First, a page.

DETROIT – Ford Motor Co. may bring development of battery-electric vehicles in-house should volumes warrant, says the auto maker’s director of electrification programs and engineering.
The auto maker currently plans to launch two BEVs – a Transit Connect scheduled to launch later this year, followed by a Ford Focus in 2011.
“The cost of (hybrid-electric vehicles) is lower and they don’t require any change in customer behavior,” Sherif Marakby says, referring to measures such as installing home charging stations.
So HEVs will account for “the bigger portion” of EV penetration, he adds.
“When you get into BEVs, you have to have a larger battery, which is the driving cost. But the battery evolution and revolution has been moving, and things could change in the future,” Marakby says, noting Ford would consider taking the technology development in-house if BEV volumes increase significantly.
Unlike Ford’s HEVs, its BEV powertrains largely have been developed by suppliers, with Azure Dynamics Inc. heading up the Transit Connect program and Magna International Inc. guiding the Focus.
The electric-powered Transit Connect originally was developed for Ford in conjunction with Smith Electric Vehicles U.S. Corp., a leading European electric-commercial vehicle up-fitter. But Smith left the project early on, opening the door for Detroit-based Azure.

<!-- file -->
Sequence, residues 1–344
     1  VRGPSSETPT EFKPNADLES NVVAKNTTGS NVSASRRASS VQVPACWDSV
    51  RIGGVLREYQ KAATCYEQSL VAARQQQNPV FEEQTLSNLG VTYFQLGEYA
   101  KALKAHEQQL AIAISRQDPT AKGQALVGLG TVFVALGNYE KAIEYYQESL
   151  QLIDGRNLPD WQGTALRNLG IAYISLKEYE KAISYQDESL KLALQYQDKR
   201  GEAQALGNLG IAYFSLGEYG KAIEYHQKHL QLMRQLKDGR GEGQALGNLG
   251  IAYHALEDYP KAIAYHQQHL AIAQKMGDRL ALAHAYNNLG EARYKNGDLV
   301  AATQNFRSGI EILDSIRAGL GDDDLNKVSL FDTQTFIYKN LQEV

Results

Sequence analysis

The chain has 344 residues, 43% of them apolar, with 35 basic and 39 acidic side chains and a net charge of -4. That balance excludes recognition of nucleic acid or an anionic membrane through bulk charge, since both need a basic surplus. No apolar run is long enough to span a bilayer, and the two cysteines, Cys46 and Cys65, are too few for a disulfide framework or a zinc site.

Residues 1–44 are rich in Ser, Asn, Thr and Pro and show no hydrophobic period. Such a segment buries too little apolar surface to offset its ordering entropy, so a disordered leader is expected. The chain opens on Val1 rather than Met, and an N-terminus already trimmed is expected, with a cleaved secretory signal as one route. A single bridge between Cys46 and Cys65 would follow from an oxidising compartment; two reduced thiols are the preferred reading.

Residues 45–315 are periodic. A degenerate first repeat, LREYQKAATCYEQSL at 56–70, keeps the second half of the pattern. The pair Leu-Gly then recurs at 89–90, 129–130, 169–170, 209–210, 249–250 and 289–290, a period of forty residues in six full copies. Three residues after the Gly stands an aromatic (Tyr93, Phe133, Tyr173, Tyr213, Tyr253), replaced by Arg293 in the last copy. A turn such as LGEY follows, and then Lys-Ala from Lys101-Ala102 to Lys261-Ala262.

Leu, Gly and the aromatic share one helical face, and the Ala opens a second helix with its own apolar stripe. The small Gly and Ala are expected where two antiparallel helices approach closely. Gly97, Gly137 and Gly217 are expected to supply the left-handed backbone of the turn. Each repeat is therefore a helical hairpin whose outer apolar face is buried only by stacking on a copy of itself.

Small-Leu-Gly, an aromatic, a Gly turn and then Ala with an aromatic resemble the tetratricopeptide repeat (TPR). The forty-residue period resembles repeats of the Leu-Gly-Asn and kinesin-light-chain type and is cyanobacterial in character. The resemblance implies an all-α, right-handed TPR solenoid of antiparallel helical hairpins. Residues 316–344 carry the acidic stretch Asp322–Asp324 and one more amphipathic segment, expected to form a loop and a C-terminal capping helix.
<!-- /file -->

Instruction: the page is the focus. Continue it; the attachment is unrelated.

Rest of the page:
Marakby says the two suppliers were tapped to head up development of the BEV powertrains because of their expertise in the field.
“Some suppliers are credible in developing the technology with us, and there was a mutual benefit for us to develop those vehicles together,” he tells Ward’s at the 2010 SAE World Congress here.
BEVs “are a fairly small segment of the market, but as things change and evolve and grow, we could easily look at different ways to do business on these,” he adds, noting Ford is developing some components for its upcoming EVs.
“Developing a BEV from a technology and engineering standpoint is simpler than developing an HEV or PHEV because you only have one energy source,” Marakby says.
“With an HEV or a PHEV, you’re constantly controlling two different energy sources between the engine and the battery. It’s a very complex system.”
Going forward, Ford predicts most of the growth in electrified vehicles will come from hybrids, and to a lesser degree, plug-in HEVs.
Ford plans to launch a PHEV in 2012 that will share many components with its current HEVs, such as the Ford Fusion Hybrid and Escape Hybrid.
HEVs have shown steady growth in the U.S. since Honda Motor Co. Ltd. introduced its Insight in 1999, selling only 17 units. In 2000, with the introduction of the Toyota Prius, the number of HEV deliveries jumped to 9,350, according to Ward’s data.
The largest increase in U.S. hybrid deliveries occurred in 2005, when 205,828 units were sold, outpacing prior-year’s 84,199 for a 144.5% increase. Through March, U.S. HEV sales totaled 56,716.